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client
-css
-helpers
-js
-sass(I setup a compass project but you do not have to)
-views
-main.html
-main.js
collections
server

Read more about this file structure here http://docs.meteor.com/#structuringyourapp

Step 2 – Get some templates created

If you have meteorite installed add the leaflet package. We are going to use leafletjs + Open Stree Maps because they’re both AWESOME. You could also create your own map tiles using TileMill, or use MapBox for hosted tiles but that is a topic for another time.

Run

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mrt install leaflet

Meteor is special in that it takes ALL html files in specified directories, bundles them up and turns them into Handlebar templates. main.html is going to be our base template, this will load another template called body, which will load other templates. This is what we call structure.

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<head>
  <title>PDXLiveBus - Trimet Realtime</title>
  <meta name="viewport" content="width=device-width,initial-scale=1">
</head>
<body>
  {{> body}}
</body>

Now lets create the body template in the client/views foler Each template is to be wrapped in a template tag and given a name so that meteor can create a reference to it.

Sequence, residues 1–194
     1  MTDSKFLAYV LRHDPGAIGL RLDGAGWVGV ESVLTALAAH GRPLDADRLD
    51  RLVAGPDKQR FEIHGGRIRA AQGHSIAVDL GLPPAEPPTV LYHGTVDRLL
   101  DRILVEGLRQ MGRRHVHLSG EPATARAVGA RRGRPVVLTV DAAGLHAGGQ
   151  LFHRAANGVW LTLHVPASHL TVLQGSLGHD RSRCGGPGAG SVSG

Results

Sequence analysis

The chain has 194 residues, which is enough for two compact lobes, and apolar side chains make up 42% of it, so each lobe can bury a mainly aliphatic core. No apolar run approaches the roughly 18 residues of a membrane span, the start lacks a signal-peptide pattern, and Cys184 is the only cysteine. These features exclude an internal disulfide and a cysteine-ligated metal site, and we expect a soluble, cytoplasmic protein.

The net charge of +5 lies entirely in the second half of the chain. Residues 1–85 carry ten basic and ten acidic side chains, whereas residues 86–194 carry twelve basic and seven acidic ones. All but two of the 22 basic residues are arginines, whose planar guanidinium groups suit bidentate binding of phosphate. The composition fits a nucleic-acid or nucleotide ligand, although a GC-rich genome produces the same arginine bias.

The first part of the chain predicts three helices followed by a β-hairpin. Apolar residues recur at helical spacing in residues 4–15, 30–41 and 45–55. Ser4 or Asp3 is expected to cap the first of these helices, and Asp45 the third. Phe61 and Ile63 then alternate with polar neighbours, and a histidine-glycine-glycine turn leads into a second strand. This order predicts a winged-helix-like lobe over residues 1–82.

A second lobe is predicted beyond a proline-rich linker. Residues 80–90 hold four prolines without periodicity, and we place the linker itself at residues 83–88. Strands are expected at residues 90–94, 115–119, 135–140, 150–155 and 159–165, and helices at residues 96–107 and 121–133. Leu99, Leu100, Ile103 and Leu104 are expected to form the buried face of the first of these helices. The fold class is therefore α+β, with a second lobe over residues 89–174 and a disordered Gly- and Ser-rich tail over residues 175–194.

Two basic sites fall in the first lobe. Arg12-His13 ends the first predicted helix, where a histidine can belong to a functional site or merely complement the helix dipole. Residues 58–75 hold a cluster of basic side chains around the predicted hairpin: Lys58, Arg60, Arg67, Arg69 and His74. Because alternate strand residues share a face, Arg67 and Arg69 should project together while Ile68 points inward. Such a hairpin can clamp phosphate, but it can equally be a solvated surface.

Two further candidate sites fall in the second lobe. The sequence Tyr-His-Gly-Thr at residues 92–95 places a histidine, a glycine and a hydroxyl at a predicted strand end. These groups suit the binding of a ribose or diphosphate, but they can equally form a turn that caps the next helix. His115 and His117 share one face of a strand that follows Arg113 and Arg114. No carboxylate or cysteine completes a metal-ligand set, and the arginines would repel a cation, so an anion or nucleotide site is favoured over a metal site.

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<template name="body">
{{> map}}
</template>

Hey look, now it wants a map template, lets create one.

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<template name="map">
  {{# constant}}
  <div class="map_container" id="map_container">
  </div>
  {{/constant}}
</template>

The {{#constant}} tag tells meteor that it should ignore it’s auto updating features when data changes and leave this template portion alone. If we didn’t then our map would be constantly be refreshing if we happened to have a parent template with data that changed. We do not in this case but it’s best to add it. There are improvements being made to meteor so that you won’t have to do this in the future.

Step 3 – Get a map rendering

Now we’re going to get into some meteor javascript.

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Template.map.rendered = function() {}